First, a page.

Transcribed from A Standard History of Kansas and Kansans, written and compiled by William E. Connelley, Secretary of the Kansas State Historical Society, Topeka. [Revised ed.] Chicago: Lewis Publishing Co., 1919, c1918. 5 v. (xlviii, 2530 p., [155] leaves of plates): ill., maps (some fold.), ports.; 27 cm.


James R. McNeley

JAMES R. McNELEY. When inquiry is made in Ness County as to one of the men most conversant with and on authority on successful methods of stock forming, the inquiry soon leads in the direcrcetion[sic] of James R. McNeley as one of the best fitted by experience and actual results to return satisfactory answers. Mr. McNeley has lived in Western Kansas since 1877, when he was a small boy, and for upwards of thirty years has been through all the phases of the livestock industry, beginning in the open range era and since 1909 has been a farmer and rancher in Ness County.

He is a native of Northwest Missouri, born in Clay County of that state March 12, 1866. The McNeley family were among the pioneers of that county, and Preston McNeley, his father, was born in the same county during the decade of the '40s, being one of six children. Clay County at that time was practically on the frontier, and he secured a limited education in the country schools. When the war came on he enlisted to fight for the cause he believed just, and was a Southern soldier until the close of hostilities. Afterward he manifested his political belief as a democrat, but was satisfied merely to vote. He married Mary Rightsman, a daughter of Peter Rightsman, who it is believed came out of Virginia to Missouri and was also a farmer in that state. Preston McNeley died in 1889 in Ellis County, Kansas. He had brought his family to this county from Missouri in 1877, homesteaded a claim there and spent his remaining years as a farmer and stockman. His widow is still living, a resident of Ellis County. Their children were: Ida, who died unmarried; James R.; Maude, wife of Lewis Gordon, of Ellis County; Thomas, an Ellis County farmer; and Lola, wife of Frank Marker, of Ellis County.

James R. McNeley was eleven years of age when the family came to Kansas, and nearly all his education had been gained in Clay County, in the country around old Missouri City. He continued to be a factor on the home farm in Ellis County until past twenty-one. In the meantime he also worked out for other farmers and ranchers, and his individual career began with the leasing of a ranch in Ellis County. He operated it four years, and the success he had with his first venture proved the inspiration and gave him confidence for all his subsequent endeavors in the same line. He is one of the men who have a personal knowledge of the old time stock industry. In 1889 he helped drive a bunch of cattle for the "N Bar N" Company overland from the Platte River to Montana. The drive began north of Cheyenne Wells, passed west of the Black Hills, crossed Yellowstone River and stopped on Red Water in Montana. He remained with the cattle in Montana a month as a line rider, and then returned home. He kept on handling cattle as an individual rancher, and just before he left Ellis County he became a shipper of livestock.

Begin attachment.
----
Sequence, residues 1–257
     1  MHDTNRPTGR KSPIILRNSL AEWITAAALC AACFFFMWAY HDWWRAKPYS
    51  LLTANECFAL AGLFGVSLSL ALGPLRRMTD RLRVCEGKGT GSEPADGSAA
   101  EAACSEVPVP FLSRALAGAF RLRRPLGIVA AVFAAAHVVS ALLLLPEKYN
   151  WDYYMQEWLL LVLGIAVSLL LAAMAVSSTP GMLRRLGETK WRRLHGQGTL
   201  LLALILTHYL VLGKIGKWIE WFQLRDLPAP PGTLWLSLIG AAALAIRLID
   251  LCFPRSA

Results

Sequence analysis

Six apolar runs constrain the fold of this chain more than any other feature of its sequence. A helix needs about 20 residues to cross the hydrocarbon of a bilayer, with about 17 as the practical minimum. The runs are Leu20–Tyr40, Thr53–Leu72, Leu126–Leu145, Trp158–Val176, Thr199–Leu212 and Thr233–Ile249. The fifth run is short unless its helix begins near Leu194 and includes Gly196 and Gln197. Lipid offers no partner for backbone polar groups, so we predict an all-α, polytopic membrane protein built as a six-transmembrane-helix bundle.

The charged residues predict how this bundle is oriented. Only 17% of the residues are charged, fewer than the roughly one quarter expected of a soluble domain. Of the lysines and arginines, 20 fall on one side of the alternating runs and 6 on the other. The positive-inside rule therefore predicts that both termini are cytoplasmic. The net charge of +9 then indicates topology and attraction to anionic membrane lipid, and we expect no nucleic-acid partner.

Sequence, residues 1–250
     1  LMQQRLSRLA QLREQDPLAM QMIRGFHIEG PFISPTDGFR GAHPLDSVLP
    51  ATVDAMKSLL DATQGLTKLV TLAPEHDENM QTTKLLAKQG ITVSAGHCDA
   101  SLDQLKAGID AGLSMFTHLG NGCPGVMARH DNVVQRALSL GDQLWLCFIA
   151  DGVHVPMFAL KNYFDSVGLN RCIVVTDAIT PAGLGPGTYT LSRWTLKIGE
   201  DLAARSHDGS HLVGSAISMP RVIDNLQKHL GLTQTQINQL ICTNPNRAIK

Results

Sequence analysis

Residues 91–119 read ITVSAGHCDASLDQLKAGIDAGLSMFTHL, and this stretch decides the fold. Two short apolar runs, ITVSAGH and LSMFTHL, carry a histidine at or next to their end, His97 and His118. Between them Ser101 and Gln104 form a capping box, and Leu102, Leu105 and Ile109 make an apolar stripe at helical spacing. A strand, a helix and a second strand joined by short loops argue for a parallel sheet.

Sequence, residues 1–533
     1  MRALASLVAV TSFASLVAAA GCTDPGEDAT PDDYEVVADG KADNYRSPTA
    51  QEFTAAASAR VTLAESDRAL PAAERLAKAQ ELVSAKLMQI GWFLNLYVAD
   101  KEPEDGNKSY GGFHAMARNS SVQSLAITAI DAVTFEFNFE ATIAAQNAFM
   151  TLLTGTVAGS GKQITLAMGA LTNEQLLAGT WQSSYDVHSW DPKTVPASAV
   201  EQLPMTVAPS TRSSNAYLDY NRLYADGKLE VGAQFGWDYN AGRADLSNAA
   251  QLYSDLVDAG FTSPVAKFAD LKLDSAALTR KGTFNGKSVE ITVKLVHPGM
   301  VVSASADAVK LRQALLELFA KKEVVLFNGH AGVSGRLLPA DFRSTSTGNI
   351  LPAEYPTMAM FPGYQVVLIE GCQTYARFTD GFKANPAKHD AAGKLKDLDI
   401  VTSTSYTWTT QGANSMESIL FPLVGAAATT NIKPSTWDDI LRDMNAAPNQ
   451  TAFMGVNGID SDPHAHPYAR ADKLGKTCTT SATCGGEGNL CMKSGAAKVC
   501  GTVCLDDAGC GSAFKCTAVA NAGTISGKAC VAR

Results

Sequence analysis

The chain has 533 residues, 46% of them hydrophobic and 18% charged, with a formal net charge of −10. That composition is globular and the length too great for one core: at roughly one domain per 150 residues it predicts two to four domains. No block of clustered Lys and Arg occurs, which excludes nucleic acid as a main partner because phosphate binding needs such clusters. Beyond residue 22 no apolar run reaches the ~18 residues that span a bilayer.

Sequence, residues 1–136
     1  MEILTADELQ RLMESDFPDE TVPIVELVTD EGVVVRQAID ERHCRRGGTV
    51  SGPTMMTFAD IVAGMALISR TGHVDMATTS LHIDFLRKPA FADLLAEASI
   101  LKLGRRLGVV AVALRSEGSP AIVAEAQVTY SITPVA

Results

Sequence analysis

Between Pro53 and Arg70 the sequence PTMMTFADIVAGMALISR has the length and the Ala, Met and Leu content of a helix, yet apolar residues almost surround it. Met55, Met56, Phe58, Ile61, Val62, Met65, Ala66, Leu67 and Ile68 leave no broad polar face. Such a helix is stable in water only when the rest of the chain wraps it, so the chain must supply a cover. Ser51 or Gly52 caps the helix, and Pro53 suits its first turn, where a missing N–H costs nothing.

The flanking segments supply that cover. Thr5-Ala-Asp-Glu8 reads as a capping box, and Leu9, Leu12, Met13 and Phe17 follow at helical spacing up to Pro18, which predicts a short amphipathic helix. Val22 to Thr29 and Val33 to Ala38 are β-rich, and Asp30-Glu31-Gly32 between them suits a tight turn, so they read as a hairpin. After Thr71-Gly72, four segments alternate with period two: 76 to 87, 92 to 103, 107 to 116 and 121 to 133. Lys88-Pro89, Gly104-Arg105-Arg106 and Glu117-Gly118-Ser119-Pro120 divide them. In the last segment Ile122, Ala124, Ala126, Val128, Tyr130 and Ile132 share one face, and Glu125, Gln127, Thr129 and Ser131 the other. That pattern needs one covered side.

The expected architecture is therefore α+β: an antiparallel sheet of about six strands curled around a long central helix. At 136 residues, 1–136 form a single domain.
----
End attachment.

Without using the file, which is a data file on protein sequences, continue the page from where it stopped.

Mr. McNeley bought his first land in Ness County southwest of Bazine, where he owned a farm of 280 acres and also leased two sections for ranching. After four years there he sold out and came to his present ranch, two miles east of Ness City. He has three quarter sections, stretching for 1 1/2 miles along the Ness City and Bazine Road. His cattle brand is simply "N." In the way of improvements he has added barns and feeding places, and every year he feeds a number of cattle ready for the market. His own stock is the Hereford, and he is one of the influential members of the local Hereford Association.

Mr. McNeley has never desired to figure in politics and politics is a consideration with him only at the close of a campaign, when he casts his vote like any other good citizen. He began his voting in 1888 for Mr. Cleveland. He is a director of the Pemberton School and fraternally is affiliated with the Masons and Odd Fellows.

On December 3, 1903, in Ellis County, Kansas, Mr. McNeley married Miss Maggie Fulcher. They have no children. Mrs. McNeley is a daughter of F. D. and Lizzie (Burns) Fulcher. Her father came from North Missouri to Kansas, was a homesteader in Ellis County, and he and his wife had the following children: Mrs. McNeley; Elmer; Everet; Benjamin; Mary, wife of Scott Yohe; Martha, who is also married; Finley; Martin; and Myrtle, wife of David Staples.


Pages 2358-2359.


Transcribed from A Standard History of Kansas and Kansans, written and compiled by William E. Connelley, Secretary of the Kansas State Historical Society, Topeka. [Revised ed.] Chicago: Lewis Publishing Co., 1919, c1918. 5 v. (xlviii, 2530 p., [155] leaves of plates): ill., maps (some fold.), ports.; 27 cm.

Volume 5 - Table of Contents

Tom & Carolyn Ward
Columbus, KS

tcward@columbus-ks.com


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